Date of Completion

2017

Document Type

Honors College Thesis

Department

Plant and Soil Science

Type of Thesis

Honors College

First Advisor

Josef Gorres

Keywords

Lake Champlain, phosphorus retention, invasive, Amynthas spp.

Abstract

Exotic earthworm invasions have caused the degradation of Vermont's forest floors and changes in the nutrient cycling of forested areas. As climate change progresses, invasions by exotic species are predicted to spread. In Vermont, the most recent species of earthworm to invade are in the genus Amynthas. The change in nutrient cycling caused by exotic earthworm invasion will impact the phosphorus cycle in affected ecosystems. Phosphorus runoff is a serious concern for Vermont because it causes eutrophication and consequently algae blooms in Lake Champlain. It is predicted that climate change will increase the intensity of rainstorms which, in turn, will increase nutrient runoff, compounding the problem. This study evaluated if the presence of Amynthas spp. earthworms has an impact on the phosphorus adsorption capacity of forested areas, particularly of forested riparian buffers, which help prevent agricultural non-point source pollution. The phosphorus retention capacity was evaluated, as measured by the marginal phosphorus adsorption rate. The earthworm communities present were determined using morphological keys. It was found that the presence of Amynthas spp. earthworms did not reduce the phosphorus adsorption capacity of the soil, as initially hypothesized, and that the majority of studied riparian buffers had the ability to retain a significant amount of additional phosphorus.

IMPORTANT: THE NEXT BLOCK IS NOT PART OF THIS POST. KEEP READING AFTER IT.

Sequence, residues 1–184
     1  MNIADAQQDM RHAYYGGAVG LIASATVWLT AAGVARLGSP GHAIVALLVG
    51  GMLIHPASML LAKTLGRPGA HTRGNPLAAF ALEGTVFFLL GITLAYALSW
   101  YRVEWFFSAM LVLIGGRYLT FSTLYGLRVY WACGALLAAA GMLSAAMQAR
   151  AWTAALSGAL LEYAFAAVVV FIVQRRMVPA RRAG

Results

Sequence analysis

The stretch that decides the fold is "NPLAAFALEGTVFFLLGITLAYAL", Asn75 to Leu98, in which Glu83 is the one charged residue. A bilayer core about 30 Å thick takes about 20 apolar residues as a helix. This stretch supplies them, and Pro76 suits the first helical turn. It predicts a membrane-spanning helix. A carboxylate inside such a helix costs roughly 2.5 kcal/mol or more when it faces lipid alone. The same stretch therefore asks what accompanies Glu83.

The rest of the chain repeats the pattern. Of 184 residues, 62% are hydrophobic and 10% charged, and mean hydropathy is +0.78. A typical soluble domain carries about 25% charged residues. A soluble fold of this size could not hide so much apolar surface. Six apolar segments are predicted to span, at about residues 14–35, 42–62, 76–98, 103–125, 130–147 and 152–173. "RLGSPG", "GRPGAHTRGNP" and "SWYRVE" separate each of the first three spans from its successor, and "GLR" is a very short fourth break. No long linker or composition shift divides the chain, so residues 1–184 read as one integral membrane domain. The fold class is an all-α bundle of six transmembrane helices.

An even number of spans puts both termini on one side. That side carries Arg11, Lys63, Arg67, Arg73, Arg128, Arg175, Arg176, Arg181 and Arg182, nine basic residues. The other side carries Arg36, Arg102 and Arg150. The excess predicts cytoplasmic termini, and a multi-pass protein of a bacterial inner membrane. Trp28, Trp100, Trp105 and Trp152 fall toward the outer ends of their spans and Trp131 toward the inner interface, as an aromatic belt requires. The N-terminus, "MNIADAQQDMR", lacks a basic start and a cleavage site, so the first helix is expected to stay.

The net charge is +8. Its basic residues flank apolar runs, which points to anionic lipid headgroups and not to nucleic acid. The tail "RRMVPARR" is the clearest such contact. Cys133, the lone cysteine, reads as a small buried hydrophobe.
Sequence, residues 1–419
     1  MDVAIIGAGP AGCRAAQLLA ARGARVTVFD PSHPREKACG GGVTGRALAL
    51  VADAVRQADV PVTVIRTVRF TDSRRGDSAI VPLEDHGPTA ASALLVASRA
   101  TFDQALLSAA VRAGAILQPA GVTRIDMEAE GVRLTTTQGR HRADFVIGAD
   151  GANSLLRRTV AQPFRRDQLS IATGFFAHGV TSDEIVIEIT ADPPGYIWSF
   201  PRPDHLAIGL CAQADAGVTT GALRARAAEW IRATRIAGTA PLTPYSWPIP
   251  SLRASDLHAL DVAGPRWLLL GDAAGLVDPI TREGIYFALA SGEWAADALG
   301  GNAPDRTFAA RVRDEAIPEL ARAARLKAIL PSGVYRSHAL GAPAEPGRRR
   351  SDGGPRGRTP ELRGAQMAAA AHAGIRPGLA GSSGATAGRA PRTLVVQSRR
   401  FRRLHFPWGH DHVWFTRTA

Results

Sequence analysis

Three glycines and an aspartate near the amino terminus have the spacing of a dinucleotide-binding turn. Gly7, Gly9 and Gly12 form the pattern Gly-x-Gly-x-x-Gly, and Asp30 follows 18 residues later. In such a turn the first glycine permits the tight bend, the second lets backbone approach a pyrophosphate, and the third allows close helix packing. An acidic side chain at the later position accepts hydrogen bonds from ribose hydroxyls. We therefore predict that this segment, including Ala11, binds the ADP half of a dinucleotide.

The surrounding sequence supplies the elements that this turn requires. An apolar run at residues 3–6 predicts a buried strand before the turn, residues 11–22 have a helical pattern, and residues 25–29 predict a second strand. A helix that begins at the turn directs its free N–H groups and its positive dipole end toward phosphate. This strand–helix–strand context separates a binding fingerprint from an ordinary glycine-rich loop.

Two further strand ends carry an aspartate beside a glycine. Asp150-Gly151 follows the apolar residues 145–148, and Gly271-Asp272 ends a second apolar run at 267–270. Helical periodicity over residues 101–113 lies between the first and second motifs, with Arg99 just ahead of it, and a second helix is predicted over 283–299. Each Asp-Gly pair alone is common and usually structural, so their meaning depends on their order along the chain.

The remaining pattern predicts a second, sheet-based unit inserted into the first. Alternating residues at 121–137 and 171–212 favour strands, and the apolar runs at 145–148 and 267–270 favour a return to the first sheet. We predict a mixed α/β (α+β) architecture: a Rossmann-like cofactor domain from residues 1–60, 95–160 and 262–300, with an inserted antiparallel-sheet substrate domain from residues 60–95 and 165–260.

Creative Commons License

Creative Commons Attribution-Noncommercial-No Derivative Works 3.0 License
This work is licensed under a Creative Commons Attribution-Noncommercial-No Derivative Works 3.0 License.

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